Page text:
If you learn nothing else today, I would ask you to learn that moral hazard is the cause of medical price hyperinflation.
“Moral hazard” is not just two words that don’t seem to go together. Moral hazard is when the person who bears the economic burden of a decision is not the decision maker. In the health care setting, moral hazard is when the third party payer (insurance/government) bears the economic consequences of a patient’s decision.
When there is moral hazard, the patient cares less about what drugs or procedures cost, and cares less about what doctors charge. If the “buyer” does not sufficiently care what things cost, of course the prices rise. Why wouldn’t they? If I could sell my 20-cent candy bar for $40 to the first person who comes in the door, why would I not charge $40? If everyone in America let their teenage daughters go shopping for clothes with ad lib unlimited access to the parent’s credit card, think of the effects on the prices at stores such as the GAP and Abercrombie & Slut! The prices would skyrocket!
High technology is not the cause of medical inflation: high tech in all private sectors of the economy, such as information technology, brings prices rapidly down, and it would do so in medicine but for moral hazard. Medical liability is a contributor to high costs, but again, if the patients bore the financial costs of the defensive medicine tests ordered by physicians, the patients would balk, and unnecessary defensive medicine would decline.
To address the price inflation caused by moral hazard, government mandates price controls, which always and absolutely lead to shortages and misallocation of resources and are uniformly and always proven to fail. We are in this stage currently in our country, with price controls dominating the medical landscape. And it is of course failing.
To reverse medical hyperinflation requires elimination of moral hazard. Either 1) the patient has to pay for the care they choose, or 2) insurance companies or the government that is paying will have to make the medical decisions for the patient. Both of these options eliminate moral hazard and both will bring down the prices of health care. Nothing else will work. The important question therefore is not who should pay for health care, but rather who should be making your medical decisions? Do you want Obama or Bush or the next clown making your personal medical decisions for you? Or should you make them yourself? If you think you should make your own medical decisions, then the only way to solve the economic failure of our medical system is for you to also pay your own medical bills.
Now, with health care prices so enormously overinflated, the concept of paying your own expenses is inconceivable. But again, if everyone pays for his own medical expenses, moral hazard goes away, and prices will fall every bit as fast and as far as the prices of computers has fallen. And think how accessible excellent computers are today! Low prices from the free market will make health care accessible and excellent and far more affordable. In contrast, health insurance makes health care impossibly expensive and it will decay into a situation in which the government will control personal medical decisions.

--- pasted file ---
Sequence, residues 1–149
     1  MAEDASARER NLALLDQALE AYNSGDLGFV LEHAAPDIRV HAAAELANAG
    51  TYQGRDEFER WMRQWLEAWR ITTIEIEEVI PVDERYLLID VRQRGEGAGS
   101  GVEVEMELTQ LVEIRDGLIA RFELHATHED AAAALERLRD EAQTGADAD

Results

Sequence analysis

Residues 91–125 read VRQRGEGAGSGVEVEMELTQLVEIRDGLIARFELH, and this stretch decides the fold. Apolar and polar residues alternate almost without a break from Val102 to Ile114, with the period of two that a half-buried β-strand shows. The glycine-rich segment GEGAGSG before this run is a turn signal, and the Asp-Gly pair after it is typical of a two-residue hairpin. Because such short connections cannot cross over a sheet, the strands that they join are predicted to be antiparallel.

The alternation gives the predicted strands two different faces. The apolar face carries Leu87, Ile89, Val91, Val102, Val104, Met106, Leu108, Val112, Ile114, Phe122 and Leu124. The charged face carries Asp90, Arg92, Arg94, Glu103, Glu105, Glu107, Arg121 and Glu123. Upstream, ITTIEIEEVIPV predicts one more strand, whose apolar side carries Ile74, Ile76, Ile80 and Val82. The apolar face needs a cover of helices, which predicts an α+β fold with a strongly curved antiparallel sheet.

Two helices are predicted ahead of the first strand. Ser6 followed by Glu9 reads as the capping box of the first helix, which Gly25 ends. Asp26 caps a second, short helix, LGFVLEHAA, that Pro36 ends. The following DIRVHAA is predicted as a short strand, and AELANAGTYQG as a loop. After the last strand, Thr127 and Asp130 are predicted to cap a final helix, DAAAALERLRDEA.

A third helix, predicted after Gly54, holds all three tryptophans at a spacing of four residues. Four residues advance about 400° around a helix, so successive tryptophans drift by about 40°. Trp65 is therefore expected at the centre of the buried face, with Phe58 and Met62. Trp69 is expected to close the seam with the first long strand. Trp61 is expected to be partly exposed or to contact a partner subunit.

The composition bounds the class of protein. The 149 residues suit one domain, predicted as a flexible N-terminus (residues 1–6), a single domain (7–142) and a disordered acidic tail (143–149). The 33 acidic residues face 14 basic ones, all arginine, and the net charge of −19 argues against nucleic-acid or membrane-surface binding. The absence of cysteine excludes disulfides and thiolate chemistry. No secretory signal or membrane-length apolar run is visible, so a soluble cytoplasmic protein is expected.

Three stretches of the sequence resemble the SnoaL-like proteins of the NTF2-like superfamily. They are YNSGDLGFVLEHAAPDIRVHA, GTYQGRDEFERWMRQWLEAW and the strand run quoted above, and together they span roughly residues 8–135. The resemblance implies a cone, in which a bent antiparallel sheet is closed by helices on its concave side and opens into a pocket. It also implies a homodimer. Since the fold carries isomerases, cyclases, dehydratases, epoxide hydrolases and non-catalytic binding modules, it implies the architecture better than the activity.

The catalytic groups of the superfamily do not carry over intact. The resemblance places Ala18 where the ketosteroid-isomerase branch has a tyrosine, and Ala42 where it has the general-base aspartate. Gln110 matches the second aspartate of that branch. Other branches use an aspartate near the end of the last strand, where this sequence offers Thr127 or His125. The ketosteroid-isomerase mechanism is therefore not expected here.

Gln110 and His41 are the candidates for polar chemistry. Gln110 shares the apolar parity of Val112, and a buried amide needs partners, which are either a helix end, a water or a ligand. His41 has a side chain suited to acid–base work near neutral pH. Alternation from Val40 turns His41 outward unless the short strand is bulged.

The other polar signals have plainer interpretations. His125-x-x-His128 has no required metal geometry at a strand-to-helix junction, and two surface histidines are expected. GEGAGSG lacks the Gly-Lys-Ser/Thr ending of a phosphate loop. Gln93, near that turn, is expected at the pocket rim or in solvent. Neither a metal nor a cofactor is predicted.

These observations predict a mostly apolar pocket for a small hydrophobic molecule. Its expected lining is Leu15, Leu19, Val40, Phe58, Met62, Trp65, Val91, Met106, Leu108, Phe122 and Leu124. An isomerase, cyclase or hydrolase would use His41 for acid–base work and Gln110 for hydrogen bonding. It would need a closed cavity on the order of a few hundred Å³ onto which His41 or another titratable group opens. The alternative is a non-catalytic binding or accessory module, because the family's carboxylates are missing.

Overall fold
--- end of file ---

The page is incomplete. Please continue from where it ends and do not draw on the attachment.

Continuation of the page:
The cheapest form of health care is to let sick people die. And the government will always need to save money on health care so they can afford to send soldiers to foreign lands that have oil, subsidize big agribusiness to grow corn to make ethanol to destroy our engines, give huge grants to bankrupt companies whose executives support Obama, double the size of the NSA’s Utah Data Center, or bail out a few more Wall Street looters.
Remember that health insurance —because of its inherent moral hazard—is the problem, not the solution.
Instead of letting the lousy politicians tell us what to do, we should let the people figure it out in the marketplace of free ideas and free exchange. And as a critical part of this, those who care about the poor should be generous to the poor, directly and personally, as opposed to having their generosity channeled through the corruption of the crony-government coffers. Americans are as a whole the most generous people on the planet. And doctors are the most generous of Americans, or at least we used to be before we as a profession got so consumed and beaten down by the bureaucracy of health insurance and government. Don’t let the government continue to abolish our culture of individual generosity.
We can solve our health care woes. The government can’t. But we can.
John Hunt is the author of “Assume the Physician”